This is precisely what conservatives have been working to achieve ever since Barry Goldwater lost his bid for the presidency back in 1964. And it’s what’s they have largely succeeded in doing ever since Ronald Reagan was elected president. Most political analysts would agree that that today’s political spectrum is “center-right” and far more right-leaning than it was back in the 1960’s.
This is partially why “liberal” has become almost a derogatory word, with few if any Democrats wishing to describe themselves with the term. In contrast, as evidenced by the most recent presidential primaries, Republicans eagerly scramble to see who can grab the crown of being hailed as the most “conservative.” When it comes to legislation, Democrats remain largely on the defensive, trying to hang on to the status quo, while Republicans keep pushing for more and more conservative legislation — often with great success.
But this pendulum swing to the right may be coming to end. It’s still too early to say for certain, but signs are sure pointing in this direction.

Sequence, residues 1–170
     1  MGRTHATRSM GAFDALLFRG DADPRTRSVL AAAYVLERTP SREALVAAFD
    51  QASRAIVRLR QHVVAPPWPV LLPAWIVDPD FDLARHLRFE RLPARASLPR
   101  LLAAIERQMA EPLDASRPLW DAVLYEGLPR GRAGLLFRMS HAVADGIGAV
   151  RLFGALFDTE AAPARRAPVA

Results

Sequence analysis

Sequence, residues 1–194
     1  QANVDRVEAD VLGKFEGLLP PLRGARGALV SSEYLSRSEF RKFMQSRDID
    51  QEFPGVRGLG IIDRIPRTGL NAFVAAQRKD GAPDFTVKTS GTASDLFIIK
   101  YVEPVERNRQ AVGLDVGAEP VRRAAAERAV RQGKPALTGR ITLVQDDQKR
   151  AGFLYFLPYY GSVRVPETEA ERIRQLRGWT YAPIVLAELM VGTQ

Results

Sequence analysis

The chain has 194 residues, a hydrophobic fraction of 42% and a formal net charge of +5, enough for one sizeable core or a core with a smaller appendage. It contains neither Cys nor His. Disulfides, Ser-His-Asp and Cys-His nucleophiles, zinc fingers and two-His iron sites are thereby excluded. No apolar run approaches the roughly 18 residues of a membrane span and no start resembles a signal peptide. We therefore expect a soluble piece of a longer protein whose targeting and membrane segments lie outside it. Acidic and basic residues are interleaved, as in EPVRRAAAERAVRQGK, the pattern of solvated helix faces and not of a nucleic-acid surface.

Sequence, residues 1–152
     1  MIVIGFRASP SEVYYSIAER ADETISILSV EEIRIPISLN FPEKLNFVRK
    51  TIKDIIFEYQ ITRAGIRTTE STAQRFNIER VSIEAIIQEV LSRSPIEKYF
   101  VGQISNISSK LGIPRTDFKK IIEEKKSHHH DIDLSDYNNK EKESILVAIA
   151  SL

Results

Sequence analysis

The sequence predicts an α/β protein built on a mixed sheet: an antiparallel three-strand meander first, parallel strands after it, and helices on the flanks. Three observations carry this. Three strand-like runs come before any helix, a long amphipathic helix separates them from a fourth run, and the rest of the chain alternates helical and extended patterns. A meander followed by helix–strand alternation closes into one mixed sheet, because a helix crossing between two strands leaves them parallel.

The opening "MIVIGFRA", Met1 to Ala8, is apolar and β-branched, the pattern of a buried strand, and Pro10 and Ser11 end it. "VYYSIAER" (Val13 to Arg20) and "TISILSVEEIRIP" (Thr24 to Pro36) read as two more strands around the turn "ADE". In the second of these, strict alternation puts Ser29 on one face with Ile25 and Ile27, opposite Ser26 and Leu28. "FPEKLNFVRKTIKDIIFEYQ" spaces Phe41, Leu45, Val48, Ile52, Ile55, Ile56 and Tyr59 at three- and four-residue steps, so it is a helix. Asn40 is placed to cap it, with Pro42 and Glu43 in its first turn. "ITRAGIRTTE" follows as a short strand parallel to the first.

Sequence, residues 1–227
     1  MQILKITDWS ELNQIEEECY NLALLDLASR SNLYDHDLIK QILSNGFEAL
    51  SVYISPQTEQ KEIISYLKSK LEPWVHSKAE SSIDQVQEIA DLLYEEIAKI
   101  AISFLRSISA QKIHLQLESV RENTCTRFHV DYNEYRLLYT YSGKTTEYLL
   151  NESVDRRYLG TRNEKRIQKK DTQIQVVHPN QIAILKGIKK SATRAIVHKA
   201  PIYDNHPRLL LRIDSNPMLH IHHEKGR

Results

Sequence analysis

This is a year when Colorado and Washington passed laws legalizing recreational user of marijuana. It’s a year when Maine and Maryland joined an increasing number of states that have legalized same-sex marriages.
Tammy Baldwin, an openly gay woman, defeated former Gov. Tommy Thompson to become the next Senator from Wisconsin. A clearly left-wing Elizabeth Warren defeated Scott Brown in Massachusetts. In other key Senate races, Claire McCaskill and Joe Donnelly defeated Todd Akin and Richard Mourdock respectively, defeats for those that believe in “legitimate rape” that is “God’s will.” More seriously, it was a defeat for those Republicans who mistakenly believed that women (or men for that matter) didn’t care about such issues.